The schnitzel drapes over the sides of your plate -- a practice upheld even during the war years so customers had the impression they were getting their money's worth, says restaurant general manager Harald Prochazka. While the plate (roughly
Don't avoid it because of tourists, even locals are lured by Figlmüller's legendary thinness. "Otherwise, we make it at home," says Viennese local Burcu Grubhofer. Try the more tranquil Bäckerstrasse location with its elegant wood booths and labyrinthine rooms.
€13; Bäckerstrasse 6; 43-1-512-1760
Café Anzengruber's plain appearance belies a remarkable kitchen from which fluffy pork schnitzel materialize without fail. These are accompanied by boiled yellow potatoes speckled with green parsley, or a heap of mache, arugula and romaine lettuce with thinly sliced carrot, radish and cucumber.
In part, it is the restaurant's authenticity -- the no-frills gray linoleum floor, polished wood booths and pool tables, all weighed down by a veil of smoke -- that keeps crowds packing in every night. "The meat is very good, but it's mostly the atmosphere: schnitzel must be eaten in such surroundings because it's a local thing," says regular Andrea Roedig.
Football fans in town for the Euro 2008 matches are in good company here. Game nights find football fans huddled in a darkened side-room, howling before a giant flat-screen TV.
€10; Schleifmühlgasse 19; 43-1-587-8297
The pork schnitzel at local politicians' haunt Gasthaus Seidl is fried in clarified butter for an extra-rich taste. Chef Peter Lotz slices the cutlets only as they are ordered, so the relatively lean cuts retain their moisture. More than 500 wines are on offer, including the locally grown white, Grüner Veltliner, that is traditionally paired with schnitzel. (After dinner, try one of the 100 varieties of schnapps.) On weekends owner Franz Seidl jaunts through Austria's wine regions to expand his award-winning wine collection for this small, doily-decorated restaurant. His focus is on rare, lesser-known and smaller vintages.
€8.50; Ungargasse 63; 43-1-713-1781
If you weary of tradition, visit Schloss Concordia, a café and literary salon adjacent to the city's central cemetery. You'll know it by the giant, campy Jesus statue standing in front; the usual rules don't apply here for schnitzel, either.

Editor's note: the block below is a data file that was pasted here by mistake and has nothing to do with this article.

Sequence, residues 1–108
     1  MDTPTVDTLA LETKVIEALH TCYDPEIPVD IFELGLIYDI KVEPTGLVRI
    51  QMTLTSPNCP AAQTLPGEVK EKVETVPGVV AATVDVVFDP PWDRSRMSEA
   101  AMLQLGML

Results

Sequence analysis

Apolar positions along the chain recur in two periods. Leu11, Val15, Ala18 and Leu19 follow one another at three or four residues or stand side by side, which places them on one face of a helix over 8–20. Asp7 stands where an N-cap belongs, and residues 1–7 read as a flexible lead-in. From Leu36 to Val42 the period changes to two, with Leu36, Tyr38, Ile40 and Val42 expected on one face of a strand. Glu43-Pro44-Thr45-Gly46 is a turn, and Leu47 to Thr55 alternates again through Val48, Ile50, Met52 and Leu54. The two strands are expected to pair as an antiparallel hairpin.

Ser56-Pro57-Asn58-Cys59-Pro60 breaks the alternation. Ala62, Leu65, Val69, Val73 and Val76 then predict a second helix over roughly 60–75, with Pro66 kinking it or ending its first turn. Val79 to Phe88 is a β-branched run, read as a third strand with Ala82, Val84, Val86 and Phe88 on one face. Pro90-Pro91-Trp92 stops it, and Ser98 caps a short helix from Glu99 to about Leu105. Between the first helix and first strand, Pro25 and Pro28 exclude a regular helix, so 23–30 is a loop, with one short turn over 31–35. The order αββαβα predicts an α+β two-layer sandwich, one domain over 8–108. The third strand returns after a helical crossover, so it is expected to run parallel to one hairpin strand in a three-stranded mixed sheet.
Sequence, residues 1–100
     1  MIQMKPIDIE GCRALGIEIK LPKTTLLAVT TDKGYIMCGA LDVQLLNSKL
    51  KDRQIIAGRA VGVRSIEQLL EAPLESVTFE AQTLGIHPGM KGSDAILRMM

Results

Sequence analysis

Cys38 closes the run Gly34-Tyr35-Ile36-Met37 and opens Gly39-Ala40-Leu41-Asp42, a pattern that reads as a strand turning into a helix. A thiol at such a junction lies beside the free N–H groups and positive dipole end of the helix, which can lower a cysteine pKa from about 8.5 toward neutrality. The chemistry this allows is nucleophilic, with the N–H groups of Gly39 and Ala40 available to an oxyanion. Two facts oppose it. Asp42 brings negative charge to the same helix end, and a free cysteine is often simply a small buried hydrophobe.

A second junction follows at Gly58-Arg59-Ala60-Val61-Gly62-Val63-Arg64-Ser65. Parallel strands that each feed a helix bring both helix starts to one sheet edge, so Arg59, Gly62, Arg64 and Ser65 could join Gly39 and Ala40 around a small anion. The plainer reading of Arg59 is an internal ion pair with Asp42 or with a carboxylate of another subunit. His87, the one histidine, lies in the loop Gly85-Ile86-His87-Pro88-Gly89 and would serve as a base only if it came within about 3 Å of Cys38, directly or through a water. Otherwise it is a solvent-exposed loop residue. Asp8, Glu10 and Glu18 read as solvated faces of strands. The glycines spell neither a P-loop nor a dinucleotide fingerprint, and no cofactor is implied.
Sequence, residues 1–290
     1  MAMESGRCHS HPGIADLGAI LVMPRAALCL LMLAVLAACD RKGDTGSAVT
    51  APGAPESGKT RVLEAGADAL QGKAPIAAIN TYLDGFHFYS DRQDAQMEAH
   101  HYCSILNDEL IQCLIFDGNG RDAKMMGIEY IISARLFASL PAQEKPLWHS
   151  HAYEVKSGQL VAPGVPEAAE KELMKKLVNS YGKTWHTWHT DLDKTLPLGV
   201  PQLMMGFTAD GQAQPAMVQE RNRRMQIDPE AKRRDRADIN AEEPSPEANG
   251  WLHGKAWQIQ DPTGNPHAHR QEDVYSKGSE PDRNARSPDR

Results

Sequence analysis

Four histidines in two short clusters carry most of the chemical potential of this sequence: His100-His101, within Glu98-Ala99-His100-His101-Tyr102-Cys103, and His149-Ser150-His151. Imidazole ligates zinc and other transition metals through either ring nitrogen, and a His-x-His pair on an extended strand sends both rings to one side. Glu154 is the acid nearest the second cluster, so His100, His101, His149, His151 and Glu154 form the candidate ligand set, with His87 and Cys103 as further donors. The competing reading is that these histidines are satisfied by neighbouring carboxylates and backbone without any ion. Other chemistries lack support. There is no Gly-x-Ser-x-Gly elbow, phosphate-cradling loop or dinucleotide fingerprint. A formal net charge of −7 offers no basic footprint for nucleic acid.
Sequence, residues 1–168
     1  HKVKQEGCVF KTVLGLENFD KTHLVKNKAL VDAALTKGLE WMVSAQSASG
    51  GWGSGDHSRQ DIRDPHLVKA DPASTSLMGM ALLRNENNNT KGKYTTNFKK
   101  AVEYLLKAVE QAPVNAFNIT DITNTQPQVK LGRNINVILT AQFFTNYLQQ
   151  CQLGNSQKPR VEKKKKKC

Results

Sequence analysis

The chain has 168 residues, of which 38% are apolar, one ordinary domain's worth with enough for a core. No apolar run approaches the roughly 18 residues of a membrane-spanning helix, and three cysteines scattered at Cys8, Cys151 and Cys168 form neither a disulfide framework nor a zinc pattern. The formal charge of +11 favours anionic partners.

In the "Original Concordia Superschnitzel," an almost transgressive-sounding mix of lentils, salami and cheese is stuffed in a pork roulade, spackled with cornflakes, then fried to a deep bronze. The mostly local clientele tucking into these torpedo-shaped schnitzel know the combination is glorious.
Other creations include the New Yorker, filled with sausage and bacon and fried in a coat of popcorn, and the more subtle Karl Valentin, stuffed with bread dumplings, peas and ham, and served with spicy, grated horseradish.
Concordia Superschnitzel: €11; Simmeringer Hauptstrasse 283; 43-1-769-8888
As prepared by Chef Peter Lotz at Vienna's Gasthaus Seidl
Yield: 4 servings
4 slices of veal, about
1 cup flour
1-2 eggs, beaten
1 cup fine breadcrumbs
Clarified butter (can substitute vegetable oil)
• Wash and dry the meat. Gently pound the meat to a thickness of 2-
• Separate the flour, beaten eggs and breadcrumbs into three different dishes. Dredge one slice of meat in the flour until completely coated. Shake off excess flour and dip the meat in the beaten eggs to coat. Gently cover the meat with breadcrumbs. Note: Don't press the breadcrumbs into the meat, or the coating won't soufflé (i.e. the breading will not rise off the meat while frying).
• Repeat for every slice and set aside. Do not pile the cutlets on top of each other.
• Heat clarified butter in a frying pan to the depth of about four centimeters—the schnitzel should be able to "swim." When the butter is 170 to 180 degrees Celsius—hot but not sizzling—slowly lay in the schnitzel, beginning with the edge nearest you to avoid splattering. Don't crowd the cutlets.
• Fry on both sides about a minute each, flipping once and shaking the pan gently, which helps the breading soufflé. Don't let the heat get to high or the coating will burn before the meat is done. The schnitzel is ready when the coating is a medium brown and souffléd.
• Drain schnitzel on a paper towel. Serve with a quarter lemon.